Programming languages, just like spoken languages, have their own unique structures, formats, and flows.
While spoken languages are typically determined by geography, the use of programming languages is determined more by the coder’s preference, IT culture, and business objectives.
When it comes to data science, there are four programming languages that are overwhelmingly preferred. We asked data analysis experts to break down each of these languages and their roles in deconstructing big data.
4 big data programming languages
There are many, many programming languages today used for a variety of purposes, but the four most prominent you’ll see when it comes to big data are:
Some of these languages are better for large-scale analytical tasks while others excel at operationalizing big data and the internet of things. Let’s start with Python to see where it fits.
Python programming language
It’s estimated that there are nearly 5 million Python users today, making it one of the most commonly used languages. As a matter of fact, even NASA uses Python to program its space equipment.
Python’s popularity is boosted by its relatively low learning curve, and more entry-level coders are looking toward Python as their first language. But what is Python’s role when it comes to big data? Let’s hear what our experts have to say:
“Python is pretty simple and easy to learn, but tends to be a bit behind the times. New features are usually offered to Java first with Python not getting those features for a few updates.”
Prafulla Chandra Prasad, IT Professional with IBM & Owner of Cool Techno Spy
“In recent years, Python got its value due to the emergence of artificial intelligence, machine learning, and data science. Python is best compatible with machine learning and data analysis, or any activity that includes static graphics, mathematical calculation, automation, multimedia, database, text-images processing.
The main advantages of Python are its huge libraries that can perform multilevel tasks. This Python qualifies for big data analysis.”
Krzysztof Surowiecki, Managing Partner at Hexe Data
“If I had to choose one language, I would put Python as a very good choice for working with big data. Why is that?"
Python is universal. It’s a language that can be effectively used to download data, send data, clean data and to present them in the form of a website (e.g. using libraries such as Bokeh and Django as the basis of a website).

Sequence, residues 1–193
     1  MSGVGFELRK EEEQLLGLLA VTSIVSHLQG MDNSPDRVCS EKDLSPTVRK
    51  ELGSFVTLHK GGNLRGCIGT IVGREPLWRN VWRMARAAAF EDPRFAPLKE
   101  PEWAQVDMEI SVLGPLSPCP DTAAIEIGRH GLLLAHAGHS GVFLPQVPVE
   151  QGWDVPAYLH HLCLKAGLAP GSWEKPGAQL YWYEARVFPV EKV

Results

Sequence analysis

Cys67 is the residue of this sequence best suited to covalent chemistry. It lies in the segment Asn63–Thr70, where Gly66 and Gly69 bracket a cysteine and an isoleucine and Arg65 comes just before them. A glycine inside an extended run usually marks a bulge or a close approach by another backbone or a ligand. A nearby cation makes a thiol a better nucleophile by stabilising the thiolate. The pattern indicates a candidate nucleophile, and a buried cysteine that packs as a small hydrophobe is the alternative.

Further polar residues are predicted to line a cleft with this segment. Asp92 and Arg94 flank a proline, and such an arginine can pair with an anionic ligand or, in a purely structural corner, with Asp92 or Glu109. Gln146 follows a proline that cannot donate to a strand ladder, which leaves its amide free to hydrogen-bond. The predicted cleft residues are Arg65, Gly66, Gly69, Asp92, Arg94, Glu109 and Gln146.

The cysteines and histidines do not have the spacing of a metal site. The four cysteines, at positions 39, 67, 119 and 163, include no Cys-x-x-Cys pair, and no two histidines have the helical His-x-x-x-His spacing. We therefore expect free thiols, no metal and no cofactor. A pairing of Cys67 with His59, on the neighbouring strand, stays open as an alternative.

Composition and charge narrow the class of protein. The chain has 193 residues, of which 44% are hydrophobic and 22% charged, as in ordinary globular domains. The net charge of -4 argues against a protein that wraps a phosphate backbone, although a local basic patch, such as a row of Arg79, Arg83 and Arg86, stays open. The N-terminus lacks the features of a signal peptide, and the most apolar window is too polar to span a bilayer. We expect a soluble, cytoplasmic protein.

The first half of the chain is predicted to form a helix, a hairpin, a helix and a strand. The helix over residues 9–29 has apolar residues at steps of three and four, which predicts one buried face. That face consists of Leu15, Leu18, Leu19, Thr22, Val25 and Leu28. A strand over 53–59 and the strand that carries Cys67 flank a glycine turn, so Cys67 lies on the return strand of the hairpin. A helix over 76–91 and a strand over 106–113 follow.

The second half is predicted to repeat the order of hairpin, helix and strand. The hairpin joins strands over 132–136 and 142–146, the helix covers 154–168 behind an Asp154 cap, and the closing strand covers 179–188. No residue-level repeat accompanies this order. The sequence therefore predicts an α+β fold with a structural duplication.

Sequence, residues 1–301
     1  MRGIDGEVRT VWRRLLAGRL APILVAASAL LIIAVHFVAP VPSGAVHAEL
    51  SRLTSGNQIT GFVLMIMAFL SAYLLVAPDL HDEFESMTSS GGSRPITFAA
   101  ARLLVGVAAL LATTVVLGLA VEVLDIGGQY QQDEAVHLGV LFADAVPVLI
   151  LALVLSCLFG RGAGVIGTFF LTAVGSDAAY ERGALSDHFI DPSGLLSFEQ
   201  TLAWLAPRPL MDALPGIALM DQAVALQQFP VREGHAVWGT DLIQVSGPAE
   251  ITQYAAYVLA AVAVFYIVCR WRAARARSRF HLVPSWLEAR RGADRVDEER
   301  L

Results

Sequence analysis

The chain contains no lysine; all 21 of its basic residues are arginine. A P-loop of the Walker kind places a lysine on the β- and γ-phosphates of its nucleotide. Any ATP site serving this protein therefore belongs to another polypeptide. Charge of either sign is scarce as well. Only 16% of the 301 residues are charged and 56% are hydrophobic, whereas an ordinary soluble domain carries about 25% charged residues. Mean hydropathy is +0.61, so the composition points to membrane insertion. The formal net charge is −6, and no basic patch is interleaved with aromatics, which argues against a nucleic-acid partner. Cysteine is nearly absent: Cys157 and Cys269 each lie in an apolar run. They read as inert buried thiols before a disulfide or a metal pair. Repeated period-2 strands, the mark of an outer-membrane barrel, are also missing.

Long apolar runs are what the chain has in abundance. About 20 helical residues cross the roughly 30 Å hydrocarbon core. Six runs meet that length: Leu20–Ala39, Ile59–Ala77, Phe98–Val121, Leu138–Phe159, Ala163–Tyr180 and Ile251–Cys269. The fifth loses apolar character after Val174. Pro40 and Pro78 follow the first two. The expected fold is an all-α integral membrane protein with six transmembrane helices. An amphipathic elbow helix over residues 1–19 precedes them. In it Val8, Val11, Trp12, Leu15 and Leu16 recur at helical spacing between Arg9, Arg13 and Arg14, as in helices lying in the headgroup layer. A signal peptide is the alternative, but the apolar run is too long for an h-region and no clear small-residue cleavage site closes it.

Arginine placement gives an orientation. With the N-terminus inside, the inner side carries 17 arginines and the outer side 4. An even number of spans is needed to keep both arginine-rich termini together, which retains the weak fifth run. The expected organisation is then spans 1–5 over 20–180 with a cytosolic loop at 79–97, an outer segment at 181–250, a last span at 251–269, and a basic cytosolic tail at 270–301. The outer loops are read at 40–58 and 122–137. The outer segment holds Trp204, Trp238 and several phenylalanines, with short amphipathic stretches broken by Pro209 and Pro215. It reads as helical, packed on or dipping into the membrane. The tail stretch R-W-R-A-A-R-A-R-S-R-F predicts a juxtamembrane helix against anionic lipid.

Python is ideal for expansion due to the rich ecosystem of high-quality libraries. Let us mention here only Numpy, Pandas, Matplotlib, bokeh, Tensorflow, Scikit-learn and Nltk. Each of these libraries provides ready-made solutions for working with, for example, large data sets or visualizations.
Python is relatively easy to learn, due to the intuitive (natural language-like) syntax and high activity of the Python environment.
Python is stable and predictable in the context of the development cycle. Of course, Python is not the only programming language for big data, but it is said to be the programming language of choice for data science. It overtook R in recent years, and in 2018, 66 percent of data scientists said they use it daily, making Python the number one tool for analysts.
“The best all-around language for working with data in Python. Python has a massive open source community with thousands of libraries that make it easy and straightforward to work with data on any scale.
For example, the Numpy library allows Python to achieve C-like speed when working with vector and matrix math. Similarly, the Pandas library, which is built on Numpy, allows you to vectorize operations that clean and transform huge datasets with ease. The Python ecosystem makes it really simple to quickly analyze data and prototype machine learning solutions.”
R programming language
R is another open source language like Python, however, its application is much more statistical and comes in handy for data visualization and modeling rather than analysis. Let’s refer to the experts again to hear their opinions on R.